— 4.2 —
Quince, Flute, Snout, and Starveling were meeting in Peter Quince’s house in Athens.
Quince asked Starveling, “Have you sent anyone to Bottom’s house to ask about him? Has he come home yet?”
“No one has seen him,” Starveling replied. “No doubt, the fairies have carried him away.”
“If he cannot be found, then the play is ruined, isn’t it?” Flute said. “We cannot perform it, can we?”
“That would be impossible,” Quince replied. “In all of Athens, no one but Bottom can play the part of Pyramus.”
“That’s true,” Flute said. “Bottom has simply the best wit of all the craftsmen in Athens.”
“Yes, and he is the most handsome, too,” Quince said. “And he is a very paramour for a sweet voice.”
“You must say ‘paragon,’” Flute said. “A paramour is, God bless us, a wicked thing.”
Snug knocked on Quince’s door and entered the house and said, “Friends, the Duke is coming from the temple. He and Hippolyta have been married, and so have two other couples. If we had been able to put on our play, we would all have been made men — we would have received a pension for life.”
“Sweet friend Bottom!” Flute said. “I wish you were here! You would be able to earn for yourself a pension of sixpence a day for the rest of your life. I’ll be hanged if you would not have earned a pension of sixpence a day for playing Pyramus. Bottom would have deserved it, too. For playing Pyramus, he would have gotten sixpence a day — or nothing.”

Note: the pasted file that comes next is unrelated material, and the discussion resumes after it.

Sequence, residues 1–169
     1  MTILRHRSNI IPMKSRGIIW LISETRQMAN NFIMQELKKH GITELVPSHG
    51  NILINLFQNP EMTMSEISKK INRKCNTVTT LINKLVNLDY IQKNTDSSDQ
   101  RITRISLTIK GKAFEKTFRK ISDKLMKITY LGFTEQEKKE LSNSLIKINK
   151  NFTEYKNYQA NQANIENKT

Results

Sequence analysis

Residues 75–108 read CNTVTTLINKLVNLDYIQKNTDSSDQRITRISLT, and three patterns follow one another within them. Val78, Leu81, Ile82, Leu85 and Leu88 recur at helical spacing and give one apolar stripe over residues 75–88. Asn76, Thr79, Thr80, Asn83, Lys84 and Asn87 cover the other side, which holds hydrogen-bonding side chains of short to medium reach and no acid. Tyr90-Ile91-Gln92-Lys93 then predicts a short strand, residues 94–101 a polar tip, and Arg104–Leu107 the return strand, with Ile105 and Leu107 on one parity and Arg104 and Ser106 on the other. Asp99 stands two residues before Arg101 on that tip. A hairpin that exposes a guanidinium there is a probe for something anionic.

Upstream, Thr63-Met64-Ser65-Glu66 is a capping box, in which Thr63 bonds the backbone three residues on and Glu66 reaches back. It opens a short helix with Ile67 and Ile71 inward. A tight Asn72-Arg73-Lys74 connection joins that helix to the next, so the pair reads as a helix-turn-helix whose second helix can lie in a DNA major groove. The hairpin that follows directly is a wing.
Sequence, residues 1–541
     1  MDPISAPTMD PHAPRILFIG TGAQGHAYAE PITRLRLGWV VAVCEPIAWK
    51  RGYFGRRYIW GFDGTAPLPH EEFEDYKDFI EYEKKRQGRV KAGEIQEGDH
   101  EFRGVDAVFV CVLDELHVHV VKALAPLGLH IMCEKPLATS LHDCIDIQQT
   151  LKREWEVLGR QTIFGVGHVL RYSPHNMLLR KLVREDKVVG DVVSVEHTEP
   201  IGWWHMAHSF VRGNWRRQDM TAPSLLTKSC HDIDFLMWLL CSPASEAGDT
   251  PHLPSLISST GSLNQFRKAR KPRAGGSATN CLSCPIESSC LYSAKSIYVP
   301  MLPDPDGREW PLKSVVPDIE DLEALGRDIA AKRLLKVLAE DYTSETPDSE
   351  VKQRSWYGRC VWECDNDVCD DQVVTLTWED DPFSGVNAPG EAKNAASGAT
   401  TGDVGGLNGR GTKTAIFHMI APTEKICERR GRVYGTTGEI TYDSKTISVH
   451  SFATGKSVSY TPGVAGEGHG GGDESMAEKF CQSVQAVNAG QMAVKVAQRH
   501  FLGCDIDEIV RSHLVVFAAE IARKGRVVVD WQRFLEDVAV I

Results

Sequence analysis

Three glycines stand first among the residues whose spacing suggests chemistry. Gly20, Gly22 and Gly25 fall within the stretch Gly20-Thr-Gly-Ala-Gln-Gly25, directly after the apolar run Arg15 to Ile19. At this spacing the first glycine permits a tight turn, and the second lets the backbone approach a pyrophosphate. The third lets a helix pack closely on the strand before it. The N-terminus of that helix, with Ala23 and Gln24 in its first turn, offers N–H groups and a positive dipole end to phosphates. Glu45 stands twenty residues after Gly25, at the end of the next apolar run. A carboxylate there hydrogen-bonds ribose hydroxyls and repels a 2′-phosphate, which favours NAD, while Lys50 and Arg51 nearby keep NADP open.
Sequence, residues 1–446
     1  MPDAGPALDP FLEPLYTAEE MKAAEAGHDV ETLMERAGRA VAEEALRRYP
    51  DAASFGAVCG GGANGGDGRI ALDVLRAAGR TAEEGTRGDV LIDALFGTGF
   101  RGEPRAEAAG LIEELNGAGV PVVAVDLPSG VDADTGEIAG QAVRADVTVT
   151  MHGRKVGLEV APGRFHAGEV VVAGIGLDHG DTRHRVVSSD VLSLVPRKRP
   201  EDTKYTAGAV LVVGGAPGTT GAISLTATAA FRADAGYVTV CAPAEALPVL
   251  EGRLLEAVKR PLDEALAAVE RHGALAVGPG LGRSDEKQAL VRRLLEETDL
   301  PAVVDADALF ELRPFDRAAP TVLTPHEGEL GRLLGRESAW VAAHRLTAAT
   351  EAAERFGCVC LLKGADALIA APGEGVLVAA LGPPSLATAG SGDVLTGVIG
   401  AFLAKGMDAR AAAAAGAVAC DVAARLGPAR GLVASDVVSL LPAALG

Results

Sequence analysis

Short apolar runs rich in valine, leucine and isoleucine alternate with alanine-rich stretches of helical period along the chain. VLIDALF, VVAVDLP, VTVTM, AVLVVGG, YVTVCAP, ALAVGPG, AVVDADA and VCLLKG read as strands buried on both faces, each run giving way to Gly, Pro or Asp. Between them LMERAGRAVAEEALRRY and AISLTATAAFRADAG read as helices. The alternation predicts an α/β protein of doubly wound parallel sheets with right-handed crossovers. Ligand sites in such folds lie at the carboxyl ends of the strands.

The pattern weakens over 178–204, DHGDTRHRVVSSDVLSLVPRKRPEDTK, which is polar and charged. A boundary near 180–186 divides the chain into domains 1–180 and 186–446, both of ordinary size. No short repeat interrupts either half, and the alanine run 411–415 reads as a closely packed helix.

Bottom now knocked on Quince’s door and entered the house, saying, “Where are these lads! Where are these good fellows! Hello, friends!”
“Bottom!” Quince said happily. “Oh, most courageous day! Oh, most happy hour!”
“Friends, I have wonders to recount,” Bottom said, “but do not ask me about them, for if I tell you, I am no true Athenian.”
He paused and then said, “I will tell you everything, exactly as it happened.”
“Let us hear, sweet Bottom,” Quince requested.
“I won’t say a word,” Bottom said, “but I will tell you that the Duke has dined. Get your costumes together. Get good strings to use to attach your false beards, and new ribbons to use to tie your shoes. Let us go to the palace right away. Every actor, look over your part. The long and the short of it is that our play is on a list of the entertainments that Theseus shall choose from to see. Let Thisby have clean linen, and let not him who plays the lion pare his fingernails, for they shall hang out for the lion’s claws. And, most dear actors, eat no onions or garlic, for we are to utter sweet breath, and I have no doubt but that we shall hear the audience say, ‘It is a sweet comedy.’ Most important of all, adjust your testicles. No actor can perform competently unless the two stones in his pants are sitting comfortably. No more words, friends! Let’s go!”
Copyright by Bruce D. Bruce
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